From the big cities to the little suburban towns of the United States- individuals left their comfortable state of being and gathered together for one purpose: To find their cause and bring hope to the hopeless.On June 14th, a team of 28 gathered in a hotel room in Los Angeles, all with desire to bring hope to a nation that was full of darkness: Cambodia. The team was well aware of the fact that the beautiful nation of Cambodia is a primarily Buddhist country, with 97% of the population believing in Buddah as the answer to life’s questions. However, this fact did not discourage the team, instead, it became a motivating factor to step onto Cambodian soil and be a light in the darkness.On July 7th, a team of 13 gathered in a hotel room in Miami filled with excitement to return to the islands: The San Blas Islands to be exact. A “picture perfect” series of islands off the coast of Panama, inhabited by a primitive people group known as the Kuna Yala Indians. The Kuna’s posses a rare beauty and kind souls, however, collectively they are longing for something that’s “unknown” to them: love. With no word for love in the Kuna’s vocabulary, the team moved with determination to show the Kuna’s  the beautiful and undeniable love of God.With the help of planes, buses, trains, tuk tuk’s, and boats the teams stepped onto the scenes, armed with boldness and the message of love. The teams were ready to bring light into the lives of the Cambodians and Kuna’s.Since the last time that the Go Team was in Cambodia, the church has grown immensely. The team was able to re-connect with several familiar faces including a very special young lady. A year and a half ago, the team came across a young mother who had never heard the name of Jesus. In an intimate setting, the team shared the story of Christ with the young woman and her family. In a little shack on stilts, down a curvy dirt road, a young woman devoted her life to Christ, accepting Him as her Lord and Savior.  The team left Cambodia, only to return a year later to discover the young woman had become a leader in the community, now hosting Bible studies out of her home. It is evident that people of Cambodia are hungry for something true, for God. They are a light shining bright.Throughout the New Testament, Christians are referred to as “brothers and sisters” and are urged to not only live lives pleasing to the Lord, but also to encourage one another in their faith. The New Testament Christians are encouraged to imitate the faith of someone they respect, that they may in turn become a model and an example to those around them. During the the team’s time in Cambodia, it was beautiful and refreshing to see the Cambodian church take this concept to heart. While they live in a country that is seemingly immersed in darkness, the Cambodian church is beginning to burn bright. Many of the orphans and villagers approached the Go Team asking them to be their “God Brothers” or “God Sisters”, essentially asking them to be their mentor and prayer partner.One of the last nights on Cambodian soil, the team traveled down to 136th Street of Phnom Penh, also known as the Red Light District. The team walked down the street with one mission in mind: to rescue women who are exploited and forced to service men, giving them a night of refuge. Splitting up into groups, the Go Team fearlessly dispersed into the Red Light District, inviting the women to a party for a Night of Refuge. Every night these women are forced to service men, and for $7 men can purchase them for the night and have their way with them. As the women and the team left the Red Light District, the women walked down the street with pride, knowing that they were special. As the team and the women arrived at the party, the women were filled with excitement as they realized that the party they were attending was in their honor. After much eating, talking, laughing, dancing and getting to know each other- the women slowly started opening up to our team about their paths, and how they ended up in the bars. We found out that many of the women have children, and working in the Red light District is the only way to provide for the children that they love so much. After a message and altar call, we witnessed the women starting to break down. That night, hope had come, the majority of the women we invited to the party dedicated their lives to Christ that night.On the opposite side of the world in the San Blas islands of Panama, the message of Gods love was well received by the Kuna Yala Indians. Over the past three years, the Go has sent teams to the islands off the coast of Panama to share the love of God to a people group who are desperate for a hope to cling to. Not only are they desperate for hope, but for genuine love. Though the Kuna’s live on a series of picture perfect islands, their lives are missing something key: God. As the sun rose, so did the team. Traveling from island to island, the team drew the attention of the Kuna’s through setting up carnivals for the children. It was through simple games that the team was able to gain the trust of the Kuna’s and have the opportunity to speak into their lives.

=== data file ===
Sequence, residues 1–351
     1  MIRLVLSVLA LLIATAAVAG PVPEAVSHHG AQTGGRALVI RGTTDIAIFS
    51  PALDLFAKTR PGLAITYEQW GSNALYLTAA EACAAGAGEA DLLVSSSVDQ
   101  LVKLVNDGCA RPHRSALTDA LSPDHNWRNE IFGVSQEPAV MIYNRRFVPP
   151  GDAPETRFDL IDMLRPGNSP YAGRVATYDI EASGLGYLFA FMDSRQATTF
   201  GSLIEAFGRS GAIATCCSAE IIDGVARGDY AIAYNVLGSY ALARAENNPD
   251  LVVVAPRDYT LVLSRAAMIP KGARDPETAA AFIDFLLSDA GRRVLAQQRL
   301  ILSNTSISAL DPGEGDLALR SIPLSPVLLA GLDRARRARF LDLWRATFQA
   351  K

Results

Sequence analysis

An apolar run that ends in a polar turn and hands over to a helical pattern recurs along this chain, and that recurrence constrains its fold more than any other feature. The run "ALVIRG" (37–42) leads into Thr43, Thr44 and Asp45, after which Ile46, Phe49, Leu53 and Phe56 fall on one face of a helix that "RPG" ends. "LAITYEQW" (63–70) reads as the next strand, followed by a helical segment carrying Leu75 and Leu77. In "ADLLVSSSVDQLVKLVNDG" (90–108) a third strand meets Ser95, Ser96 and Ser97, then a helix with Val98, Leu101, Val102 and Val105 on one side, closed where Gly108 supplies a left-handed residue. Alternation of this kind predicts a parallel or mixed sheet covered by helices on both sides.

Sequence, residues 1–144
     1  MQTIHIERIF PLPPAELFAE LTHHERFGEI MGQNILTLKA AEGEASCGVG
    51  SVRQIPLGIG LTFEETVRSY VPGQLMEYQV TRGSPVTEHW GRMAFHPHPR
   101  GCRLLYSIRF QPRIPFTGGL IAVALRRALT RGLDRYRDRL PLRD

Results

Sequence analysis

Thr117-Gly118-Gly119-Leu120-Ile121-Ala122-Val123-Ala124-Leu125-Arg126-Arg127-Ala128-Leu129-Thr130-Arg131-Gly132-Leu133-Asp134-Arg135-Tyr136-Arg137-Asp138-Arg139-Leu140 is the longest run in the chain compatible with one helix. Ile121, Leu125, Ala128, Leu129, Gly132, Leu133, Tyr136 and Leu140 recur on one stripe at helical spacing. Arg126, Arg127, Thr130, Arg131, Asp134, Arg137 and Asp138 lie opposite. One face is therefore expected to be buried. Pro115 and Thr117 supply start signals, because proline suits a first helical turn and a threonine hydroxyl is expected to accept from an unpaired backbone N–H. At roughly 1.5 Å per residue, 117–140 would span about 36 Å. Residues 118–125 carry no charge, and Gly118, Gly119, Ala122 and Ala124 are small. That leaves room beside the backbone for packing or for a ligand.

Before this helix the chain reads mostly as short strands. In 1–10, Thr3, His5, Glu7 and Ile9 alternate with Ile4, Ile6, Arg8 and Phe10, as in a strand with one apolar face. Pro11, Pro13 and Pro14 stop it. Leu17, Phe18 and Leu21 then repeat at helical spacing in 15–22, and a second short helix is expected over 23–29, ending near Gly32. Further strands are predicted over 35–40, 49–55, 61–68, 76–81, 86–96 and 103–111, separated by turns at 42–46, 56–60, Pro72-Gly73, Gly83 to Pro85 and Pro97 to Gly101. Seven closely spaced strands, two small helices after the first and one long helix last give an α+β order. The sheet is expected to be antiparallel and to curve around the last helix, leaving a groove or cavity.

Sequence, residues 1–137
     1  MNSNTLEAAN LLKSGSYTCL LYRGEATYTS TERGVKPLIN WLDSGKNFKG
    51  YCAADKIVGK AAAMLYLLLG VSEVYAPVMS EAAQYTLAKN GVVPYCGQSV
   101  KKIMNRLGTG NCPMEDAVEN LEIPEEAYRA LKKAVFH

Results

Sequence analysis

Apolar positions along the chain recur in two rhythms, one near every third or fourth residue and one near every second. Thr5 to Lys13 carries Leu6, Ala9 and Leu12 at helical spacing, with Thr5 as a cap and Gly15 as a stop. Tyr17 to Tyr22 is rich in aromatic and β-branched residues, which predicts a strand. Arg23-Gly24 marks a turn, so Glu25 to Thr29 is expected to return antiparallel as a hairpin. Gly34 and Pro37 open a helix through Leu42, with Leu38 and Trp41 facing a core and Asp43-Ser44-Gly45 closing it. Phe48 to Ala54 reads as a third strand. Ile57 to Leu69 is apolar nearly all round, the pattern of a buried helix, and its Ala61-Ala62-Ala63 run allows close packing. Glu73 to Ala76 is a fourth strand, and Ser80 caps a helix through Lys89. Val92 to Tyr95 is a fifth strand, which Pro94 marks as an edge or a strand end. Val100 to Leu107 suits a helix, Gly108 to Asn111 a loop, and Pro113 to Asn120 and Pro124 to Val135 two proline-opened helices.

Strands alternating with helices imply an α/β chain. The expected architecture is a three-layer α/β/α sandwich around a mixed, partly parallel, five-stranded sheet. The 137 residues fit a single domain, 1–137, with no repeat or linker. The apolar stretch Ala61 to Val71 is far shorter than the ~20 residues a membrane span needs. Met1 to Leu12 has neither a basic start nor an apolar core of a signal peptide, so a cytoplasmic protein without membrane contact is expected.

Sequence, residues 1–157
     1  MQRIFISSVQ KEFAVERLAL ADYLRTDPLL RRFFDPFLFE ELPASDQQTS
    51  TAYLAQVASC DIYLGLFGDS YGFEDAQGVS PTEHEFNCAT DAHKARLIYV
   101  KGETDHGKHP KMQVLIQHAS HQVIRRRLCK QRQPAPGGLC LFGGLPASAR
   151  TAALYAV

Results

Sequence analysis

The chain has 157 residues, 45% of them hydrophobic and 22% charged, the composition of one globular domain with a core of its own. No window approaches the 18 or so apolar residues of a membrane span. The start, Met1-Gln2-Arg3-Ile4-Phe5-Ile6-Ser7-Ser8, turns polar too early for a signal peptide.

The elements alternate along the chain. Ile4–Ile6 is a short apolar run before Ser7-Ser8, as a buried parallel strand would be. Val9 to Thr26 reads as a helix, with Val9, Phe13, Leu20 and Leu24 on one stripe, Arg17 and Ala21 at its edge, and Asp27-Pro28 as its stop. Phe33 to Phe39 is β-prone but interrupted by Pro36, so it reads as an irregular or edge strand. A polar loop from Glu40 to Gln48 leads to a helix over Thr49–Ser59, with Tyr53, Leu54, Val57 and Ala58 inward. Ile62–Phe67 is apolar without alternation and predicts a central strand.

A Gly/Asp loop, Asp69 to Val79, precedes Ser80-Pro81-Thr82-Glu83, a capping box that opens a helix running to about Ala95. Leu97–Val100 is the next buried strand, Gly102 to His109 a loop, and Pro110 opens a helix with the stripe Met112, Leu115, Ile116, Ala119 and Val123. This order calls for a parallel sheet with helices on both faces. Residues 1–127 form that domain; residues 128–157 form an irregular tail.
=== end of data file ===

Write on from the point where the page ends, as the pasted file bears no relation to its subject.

With passion in their hearts to see the change in the hearts of the Kuna’s, the team performed dramas for the Kuna’s that represented the gospel message. It was beautiful to see the Kuna’s receive truth and dedicate their lives to Jesus.